Financial Planning for Gig Workers

October 8, 2019 0 Comments

Freelancing, Independent Working, the Gig Economy in general is often known for its perks such as instant pay, flexible hours, work/life balance among other things. However, working in the Gig Economy also brings with it some unique challenges. How to deal with financing, taxes, and insurance needs are a few examples.

Let’s start at the beginning with a simple question. What is a gig worker?

You are a gig worker if you are working as a driver with Lyft, a host with Airbnb, or walking dogs with Rover. This means that you are not employed by the company you work with and you are considered an independent contractor/freelancer. In doing so you need to be aware of the tax and financial obligations that you will need to take care of on your own.

Especially if you have worked as a full-time employee in the past, receiving your paycheck every month, not having to take care of taxes, health care coverage, and retirement funds, you should get informed and make sure to avoid any surprises.

Here is a Quick Guide to Help you go through the Basics.

1. Do you have Health Insurance?

When working as a gig worker you should take care of your health insurance on your own. You can take a look at the Health Insurance Marketplace or look at getting coverage through your trade groups or business associations. Remember that health insurance premiums are fully deductible from gross income. The other option you have is to be covered through a spouse’s health plan, if that is a possibility.

2. Do you have Disability Insurance?

If you were to get hurt or injured and were not be able to work it could cause a severe financial impact when you are a gig worker. You should, therefore, make sure you have disability insurance, which can give you a portion of your lost income due to long-term disability.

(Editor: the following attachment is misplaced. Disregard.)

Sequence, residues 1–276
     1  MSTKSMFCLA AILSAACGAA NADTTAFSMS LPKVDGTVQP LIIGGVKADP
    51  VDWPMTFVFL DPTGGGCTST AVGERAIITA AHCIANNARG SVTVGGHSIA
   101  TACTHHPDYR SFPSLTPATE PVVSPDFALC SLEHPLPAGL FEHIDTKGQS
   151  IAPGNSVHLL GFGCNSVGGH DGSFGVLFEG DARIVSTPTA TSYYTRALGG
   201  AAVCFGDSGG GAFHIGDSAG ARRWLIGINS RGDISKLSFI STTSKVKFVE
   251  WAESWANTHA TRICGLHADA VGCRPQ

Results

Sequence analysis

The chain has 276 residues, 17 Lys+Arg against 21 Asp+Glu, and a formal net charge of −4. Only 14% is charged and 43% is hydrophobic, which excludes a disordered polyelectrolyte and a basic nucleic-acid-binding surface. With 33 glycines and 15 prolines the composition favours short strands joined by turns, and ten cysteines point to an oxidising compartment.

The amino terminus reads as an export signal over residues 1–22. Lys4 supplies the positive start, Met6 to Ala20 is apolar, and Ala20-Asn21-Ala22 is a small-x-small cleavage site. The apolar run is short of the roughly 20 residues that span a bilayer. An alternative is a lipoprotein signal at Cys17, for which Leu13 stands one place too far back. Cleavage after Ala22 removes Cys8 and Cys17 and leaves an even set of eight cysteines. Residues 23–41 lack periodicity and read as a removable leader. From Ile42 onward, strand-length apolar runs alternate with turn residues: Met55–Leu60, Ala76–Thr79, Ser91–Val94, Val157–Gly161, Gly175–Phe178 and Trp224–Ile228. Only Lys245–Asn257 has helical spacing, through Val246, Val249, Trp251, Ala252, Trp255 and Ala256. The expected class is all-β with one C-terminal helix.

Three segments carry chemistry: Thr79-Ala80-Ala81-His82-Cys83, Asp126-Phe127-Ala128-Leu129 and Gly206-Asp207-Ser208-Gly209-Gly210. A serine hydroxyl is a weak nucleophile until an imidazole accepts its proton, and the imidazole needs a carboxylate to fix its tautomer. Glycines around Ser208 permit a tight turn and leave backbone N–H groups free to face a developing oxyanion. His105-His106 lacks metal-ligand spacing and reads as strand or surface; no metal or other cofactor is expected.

3. Have you Set Up a Plan for Retirement Savings?

You should choose the best retirement plan for you and fund it annually. You can opt for solo plans, simplified employee pensions (SEP) or individual retirement accounts (IRA). Though the money to put into your retirement may be hard to find sometimes, keep in mind that it is tax deductible!

4. Do you know what taxes you need to pay?

When working independently it is your own responsibility to report your income and pay your taxes, which, include both income taxes and self-employment taxes. There is also the Medicare tax, which is low but not deductible. A good strategy to follow, so as to always be prompt with your tax payments, is to use the Electronic Federal Tax Payment System to schedule your estimated payments that will be withdrawn automatically from your bank account 4 times per year. Alternatively, you can save 10% or 20% of your income in a separate bank account and perform payments when needed.

5. Have you explored your possible tax breaks?

As a gig worker, you may be eligible for tax breaks, like Home Office deduction, if you use your home as your business base or Qualified Business income deduction if your taxable income is below $207,500. Explore your possibilities and take advantage of them – it may be very beneficial for your finances!

6. Bookkeeping

Do you keep track of your income and expenses? This is very important when working as a gig worker! There are lots of apps and tools to help make this task easy – especially if you are not that good at doing the numbers. Try the Sharing Economy Tax Center by IRS, for example.

Special tip
As you can understand, working as a gig worker entails a lot of financial planning and you should be proactive and not spend all of your income. You should save up not only for the days that you might have less work and income but also for your financial obligations.

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